Modernist artist (expressionist, futurist, constructivist); set and film production designer, painter, book illustrator – Irakli Gamrekeli, the founding-farther of the Georgian avant-garde scenography, was an unsurpassed connoisseur of set design techniques and the first Georgian artist who, according to the Futurist theatre principle, practiced a holistic approach, and thus equated the scenography to stage-craft.
He designed more than 50 productions and is considered a classic of Georgian performance design.
He was born in 1894 in Gori, Georgia. In 1910, he studied at the school of drawing and painting of Nikolai Sklifosovsky in Tbilisi under Boris Vogel and Boris Shebuev. After graduating from the Tbilisi Theological Seminary, he continued his studies first in Rostov, and then at the medical faculty of the Tbilisi University. For a short time he also studied at the Tbilisi Academy of Arts. As he himself spoke, his fascination with art had been due to impression caused by the works of goldsmiths Beqa and Beshqen Opizaries.
The exceptional talent of Irakli Gamrekeli as a scenographer was revealed in his collaborations with Kote Mardjanishvili and his student Sandro Akhmeteli, the modernist directors of the Georgian and Russian theaters. In 1921, Gamrekeli showcased his watercolor illustrations at one of the exhibitions in Tbilisi. The works Malaria and Danse Macabre attracted the attention of Kote Mardjanishvili – the fact defined the future of the young artist: Mardjanishvili invited him to design Oscar Wild’s Salome at the Tbilisi New Theatre. Kirill Zdanevich wrote: «This is the first and completely justified attempt to pave the way for a young artist. The way that means the radical reform of the Georgian stage design. Further work and promotion of the artist in this direction depends on the leadership of the Georgian stage. We want them to completely abandon narrowly ethnic, traditional scenery. Let them move on to the state-of-the-art creation” (journal “Galaktion Tabidze” N5, Tbilisi, 1923).
In 1922, Gamrekel designed Lope de Vega’s Fuente Ovejuna in Mardjanishvili’s production at the Georgian Drama Theater (now Rustaveli Theater). In the following year, he became the theatre’s Art Director. In parallel with working with Mardjanishvili, the artist continued his fruitful collaboration with Sandro Akhmeteli, which lasted until Akhmeteli’s forcing out from Tbilisi to Moscow.
Gamrekeli is one of the founders of the Georgian leftist painting; He designed journals H2SO4 (1924, a futuristic journal, a member of the editorial board of which he was) and Leftism. He also made the layout and illustrations for the books by Yona Vakeli, Grigol Robakidze, Simon Chikovani and others. (1926, 1927).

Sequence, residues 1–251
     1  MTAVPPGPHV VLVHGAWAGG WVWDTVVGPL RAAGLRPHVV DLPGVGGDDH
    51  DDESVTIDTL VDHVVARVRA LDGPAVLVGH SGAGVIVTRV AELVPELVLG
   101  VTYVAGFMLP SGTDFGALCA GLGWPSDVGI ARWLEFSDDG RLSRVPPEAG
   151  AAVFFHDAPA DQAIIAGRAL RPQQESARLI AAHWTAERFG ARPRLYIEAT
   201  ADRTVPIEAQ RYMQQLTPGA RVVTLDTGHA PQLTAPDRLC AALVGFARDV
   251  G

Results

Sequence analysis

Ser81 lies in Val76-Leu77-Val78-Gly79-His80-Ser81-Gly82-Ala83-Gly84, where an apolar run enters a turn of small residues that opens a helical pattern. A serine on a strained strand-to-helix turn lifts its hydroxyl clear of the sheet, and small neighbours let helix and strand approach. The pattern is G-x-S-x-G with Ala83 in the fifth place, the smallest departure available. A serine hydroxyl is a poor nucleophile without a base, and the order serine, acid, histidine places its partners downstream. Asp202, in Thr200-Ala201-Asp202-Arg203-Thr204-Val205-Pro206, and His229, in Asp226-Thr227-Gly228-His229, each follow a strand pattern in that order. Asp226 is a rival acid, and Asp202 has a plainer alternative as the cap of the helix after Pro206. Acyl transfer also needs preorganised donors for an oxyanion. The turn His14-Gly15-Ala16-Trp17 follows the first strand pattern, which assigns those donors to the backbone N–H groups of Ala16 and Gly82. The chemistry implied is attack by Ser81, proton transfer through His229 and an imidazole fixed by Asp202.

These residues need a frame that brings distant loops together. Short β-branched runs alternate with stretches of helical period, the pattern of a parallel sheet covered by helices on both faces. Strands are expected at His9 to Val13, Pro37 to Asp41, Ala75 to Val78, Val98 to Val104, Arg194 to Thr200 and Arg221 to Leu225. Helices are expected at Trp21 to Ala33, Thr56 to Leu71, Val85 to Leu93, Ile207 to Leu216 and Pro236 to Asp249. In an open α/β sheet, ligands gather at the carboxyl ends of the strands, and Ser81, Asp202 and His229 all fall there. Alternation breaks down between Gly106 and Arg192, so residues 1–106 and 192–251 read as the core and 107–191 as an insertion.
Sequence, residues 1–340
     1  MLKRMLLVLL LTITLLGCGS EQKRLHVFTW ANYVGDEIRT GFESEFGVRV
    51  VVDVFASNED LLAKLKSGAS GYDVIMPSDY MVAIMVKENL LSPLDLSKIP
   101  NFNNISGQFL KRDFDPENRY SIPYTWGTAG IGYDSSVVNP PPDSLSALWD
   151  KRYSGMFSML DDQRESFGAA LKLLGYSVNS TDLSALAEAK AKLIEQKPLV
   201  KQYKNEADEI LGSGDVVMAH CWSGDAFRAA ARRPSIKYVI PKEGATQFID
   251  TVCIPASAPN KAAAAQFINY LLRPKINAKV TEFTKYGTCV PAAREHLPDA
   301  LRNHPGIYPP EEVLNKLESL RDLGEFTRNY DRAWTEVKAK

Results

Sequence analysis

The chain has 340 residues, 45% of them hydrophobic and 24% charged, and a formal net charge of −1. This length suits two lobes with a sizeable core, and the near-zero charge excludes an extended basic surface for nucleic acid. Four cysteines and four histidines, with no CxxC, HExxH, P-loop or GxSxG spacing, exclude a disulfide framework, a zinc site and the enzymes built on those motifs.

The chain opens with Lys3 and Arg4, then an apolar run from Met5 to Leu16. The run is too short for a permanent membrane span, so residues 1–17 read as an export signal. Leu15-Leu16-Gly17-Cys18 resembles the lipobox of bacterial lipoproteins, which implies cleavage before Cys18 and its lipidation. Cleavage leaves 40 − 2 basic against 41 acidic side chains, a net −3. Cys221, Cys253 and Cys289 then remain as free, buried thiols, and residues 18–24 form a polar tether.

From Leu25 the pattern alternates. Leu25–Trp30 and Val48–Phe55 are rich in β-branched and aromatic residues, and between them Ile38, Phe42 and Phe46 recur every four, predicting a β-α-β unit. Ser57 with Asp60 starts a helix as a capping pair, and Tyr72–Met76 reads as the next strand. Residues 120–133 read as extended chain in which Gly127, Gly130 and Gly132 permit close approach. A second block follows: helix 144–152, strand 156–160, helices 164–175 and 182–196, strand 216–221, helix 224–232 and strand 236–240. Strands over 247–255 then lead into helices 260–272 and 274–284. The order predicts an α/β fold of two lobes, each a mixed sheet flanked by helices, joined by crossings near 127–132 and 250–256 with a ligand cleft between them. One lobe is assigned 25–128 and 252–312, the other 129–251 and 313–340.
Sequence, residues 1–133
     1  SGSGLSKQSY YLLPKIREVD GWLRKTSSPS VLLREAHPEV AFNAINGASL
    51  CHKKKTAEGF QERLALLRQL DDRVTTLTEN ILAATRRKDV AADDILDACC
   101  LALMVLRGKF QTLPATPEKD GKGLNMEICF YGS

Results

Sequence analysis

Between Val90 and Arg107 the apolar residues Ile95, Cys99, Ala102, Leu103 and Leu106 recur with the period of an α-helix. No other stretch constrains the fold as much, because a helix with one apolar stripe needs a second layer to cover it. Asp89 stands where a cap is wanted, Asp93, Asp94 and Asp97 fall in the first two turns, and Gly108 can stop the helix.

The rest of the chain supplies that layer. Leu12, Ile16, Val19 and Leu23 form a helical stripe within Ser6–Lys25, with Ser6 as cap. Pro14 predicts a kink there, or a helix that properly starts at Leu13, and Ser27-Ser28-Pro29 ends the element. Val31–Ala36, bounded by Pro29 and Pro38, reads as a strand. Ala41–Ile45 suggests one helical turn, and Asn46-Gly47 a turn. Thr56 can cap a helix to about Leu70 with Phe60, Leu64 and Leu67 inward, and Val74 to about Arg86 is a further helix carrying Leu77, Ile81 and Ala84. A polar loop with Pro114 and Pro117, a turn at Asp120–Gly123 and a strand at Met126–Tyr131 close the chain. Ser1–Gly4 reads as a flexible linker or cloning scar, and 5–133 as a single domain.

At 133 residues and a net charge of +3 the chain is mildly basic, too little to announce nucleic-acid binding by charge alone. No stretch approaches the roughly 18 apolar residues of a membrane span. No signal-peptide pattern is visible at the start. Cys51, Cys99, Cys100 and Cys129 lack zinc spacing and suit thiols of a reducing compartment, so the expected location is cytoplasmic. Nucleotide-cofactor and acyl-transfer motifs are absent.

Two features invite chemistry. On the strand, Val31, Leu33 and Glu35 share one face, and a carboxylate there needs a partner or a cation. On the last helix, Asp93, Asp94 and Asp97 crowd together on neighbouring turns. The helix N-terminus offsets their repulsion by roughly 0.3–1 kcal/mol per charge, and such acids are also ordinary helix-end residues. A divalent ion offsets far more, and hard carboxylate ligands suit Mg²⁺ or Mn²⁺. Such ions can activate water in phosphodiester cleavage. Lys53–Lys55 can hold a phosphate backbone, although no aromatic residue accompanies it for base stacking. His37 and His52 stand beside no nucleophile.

In 1928, together with the artist Valerian Sidamon-Eristavi, he worked as a production designer for the expressionist film My Granma by Kote Mikaberidze which was banned for decades,
Despite the ban on the film screening, his cooperation with the Georgian Film studio did not stop. He designed sets and costumes for the Mikheil Chiaureli’s Arsena and Georgi Saakadze.
Though he was very prolific in film production design, theatre remained the main direction in his art. He was a scenographer for almost all the epoch-making productions of that time. Londa by Grigol Robakidze (1922, director Kote Mardzhanishvili), Lamara (director Sandro Akhmetel, 1930) and Maelstrem (1923-24, director: Mardjanishvili) ; Masse-Mensch by Ernst Toller (1923, ); Mirror-Man by Franz Werfel, Shakespeare’s Hamlet (director Kote Marjanishvili, 1925, ); Zagmuk, the opera performance after the play of Anatoli Glebov (1926); The American Uncle by Shiukashvili (1926); Break Line by Boris Lavrenyov (director Sandro Akhmeteli, 1928); Anzori by Sandro Shanshiashvili (director Sandro Akhmetel, 1928), Businessman by Walter Hasenklever (1929), Tetnuldi by Shalva Dadiani, (director Sandro Akhmetel, 1931), The Robbers by Friedrich Schiller (director Sandro Akhmetel, 1933) Bogdan Khmelnizky by Korneychuk (1940) From the Spark by Shalva Dadiana, (1937) The Bride-to-be with the Poster by Carlo Goldoni (1942) and others.
He staged performances at the Tbilisi Russian Drama Theater named after Alexander Griboedov, Tbilisi Opera and Ballet Theater, Maxim Gorki Leningrad Drama Theater, Odessa Opera and Ballet Theater.
In 1937, during the Decade of the Georgian Art in Moscow, his scenery and costumes for the opera performance Abesalom and Eteri produced a sensation.
He died in Tbilisi in 1943 at the age of 49.